Akin, McCaskill square off in U.S. Senate debate

11:29 PM, Oct 18, 2012   |    comments
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Clayton, MO (KSDK) - Democratic Missouri Senator Claire McCaskill and Republican challenger Todd Akin squared off Thursday night for their second and final debate.

The candidates set the tone in their opening remarks.

Senator McCaskill touted her record as a moderate willing to compromise, and she painted her opponent as an extremist.

"He wants to privatize Medicare, abolish the minimum wage, say that rape victims cannot get contraception on an emergency basis he wants to say we have no more federal student loans in the federal system," said McCaskill.

Congressman Akin repeatedly linked Senator McCaskill to President Barack Obama's policies saying she voted with him 98 percent of the time.

"What does that area look like first of all in the area of jobs instead of the promises from the $787 billion stimulus bill we've had 43 months of the worst unemployment since the great depression," said Akin.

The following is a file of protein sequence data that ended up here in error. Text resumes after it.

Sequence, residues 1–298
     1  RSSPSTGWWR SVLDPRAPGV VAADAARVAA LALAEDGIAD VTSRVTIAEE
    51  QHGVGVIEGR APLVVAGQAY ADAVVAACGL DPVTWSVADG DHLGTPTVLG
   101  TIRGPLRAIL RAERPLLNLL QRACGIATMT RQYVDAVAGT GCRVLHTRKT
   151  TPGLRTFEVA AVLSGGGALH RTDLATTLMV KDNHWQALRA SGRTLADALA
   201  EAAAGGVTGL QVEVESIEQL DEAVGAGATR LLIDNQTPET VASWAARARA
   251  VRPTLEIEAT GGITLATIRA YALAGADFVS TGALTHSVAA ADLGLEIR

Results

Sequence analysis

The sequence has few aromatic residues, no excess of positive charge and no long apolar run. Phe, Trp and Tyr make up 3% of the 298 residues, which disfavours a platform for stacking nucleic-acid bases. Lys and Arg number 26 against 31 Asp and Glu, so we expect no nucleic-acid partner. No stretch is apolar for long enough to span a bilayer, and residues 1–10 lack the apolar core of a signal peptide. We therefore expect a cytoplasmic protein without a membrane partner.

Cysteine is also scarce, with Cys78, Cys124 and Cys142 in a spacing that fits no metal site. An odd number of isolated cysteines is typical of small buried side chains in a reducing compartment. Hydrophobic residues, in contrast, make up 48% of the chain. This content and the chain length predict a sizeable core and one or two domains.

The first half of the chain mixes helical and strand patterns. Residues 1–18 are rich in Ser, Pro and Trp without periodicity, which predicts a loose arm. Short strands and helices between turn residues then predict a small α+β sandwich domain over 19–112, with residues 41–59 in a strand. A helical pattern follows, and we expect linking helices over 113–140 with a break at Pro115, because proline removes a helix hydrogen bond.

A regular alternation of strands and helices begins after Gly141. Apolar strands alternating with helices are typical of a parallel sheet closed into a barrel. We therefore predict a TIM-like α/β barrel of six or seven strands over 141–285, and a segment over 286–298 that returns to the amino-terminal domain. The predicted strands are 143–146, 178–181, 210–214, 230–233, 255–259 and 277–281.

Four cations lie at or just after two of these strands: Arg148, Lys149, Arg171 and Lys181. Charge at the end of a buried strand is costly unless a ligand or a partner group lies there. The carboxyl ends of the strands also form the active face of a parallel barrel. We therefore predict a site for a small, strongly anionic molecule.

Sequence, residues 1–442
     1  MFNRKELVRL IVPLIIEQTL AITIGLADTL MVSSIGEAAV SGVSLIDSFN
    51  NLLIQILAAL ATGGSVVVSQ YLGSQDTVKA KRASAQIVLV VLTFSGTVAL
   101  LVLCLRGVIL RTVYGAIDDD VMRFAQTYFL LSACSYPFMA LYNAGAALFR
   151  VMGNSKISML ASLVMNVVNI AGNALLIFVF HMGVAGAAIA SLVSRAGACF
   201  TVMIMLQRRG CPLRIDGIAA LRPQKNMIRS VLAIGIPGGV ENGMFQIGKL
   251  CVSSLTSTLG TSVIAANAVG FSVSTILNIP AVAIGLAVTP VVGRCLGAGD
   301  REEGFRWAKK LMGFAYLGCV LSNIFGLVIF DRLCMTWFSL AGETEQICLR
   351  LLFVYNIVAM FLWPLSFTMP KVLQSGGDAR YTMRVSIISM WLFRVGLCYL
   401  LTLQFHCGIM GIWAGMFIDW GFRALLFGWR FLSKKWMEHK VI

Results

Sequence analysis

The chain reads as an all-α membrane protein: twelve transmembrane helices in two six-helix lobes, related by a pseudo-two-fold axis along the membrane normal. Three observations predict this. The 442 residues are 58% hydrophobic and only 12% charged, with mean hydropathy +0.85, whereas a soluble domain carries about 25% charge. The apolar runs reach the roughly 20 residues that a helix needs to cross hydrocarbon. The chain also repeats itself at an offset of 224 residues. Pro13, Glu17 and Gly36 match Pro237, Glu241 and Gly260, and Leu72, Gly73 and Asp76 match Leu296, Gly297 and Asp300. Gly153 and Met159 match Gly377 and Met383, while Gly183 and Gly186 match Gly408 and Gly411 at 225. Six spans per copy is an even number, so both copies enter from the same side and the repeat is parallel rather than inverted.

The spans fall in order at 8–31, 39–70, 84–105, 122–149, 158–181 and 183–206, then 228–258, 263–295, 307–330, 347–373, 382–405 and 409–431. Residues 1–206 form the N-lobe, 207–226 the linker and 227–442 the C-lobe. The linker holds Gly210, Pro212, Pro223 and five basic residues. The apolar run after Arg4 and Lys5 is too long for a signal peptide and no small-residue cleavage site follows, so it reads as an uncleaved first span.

When asked about improving public education in Missouri, Congressman Akin continued his call for massive cuts to the department of Education.

"One of the things that I have done was to vote no on no child left behind. It's not that I don't have abiding faith in big government to fix problems in education," he said.

"The federal governments involvement in public education is important for our country, it's not about bureaucracy, it's about whether the middle class survives," said McCaskill.

Perhaps the most engaging remarks came when asked about the Israeli Iran situation.

"The situation in Iran is like the situation in other parts of the Middle East, these people see us as weak and vacillating, leading from the rear and apologizing, all that does is encourage them," said Akin.

"Nobody is leading from behind we're navigating a very difficult area. While I have been calling on sanctions for Iran Congressman Aiken has voted for aid for Iran not once but twice in his political career and voted against aid for Israel this is backwards," said McCaskill.

But there was also a missed opportunity for both candidates when asked what misconceptions they wanted to clarify about themselves.

Senator Akin did not mention his controversial comments about rape.



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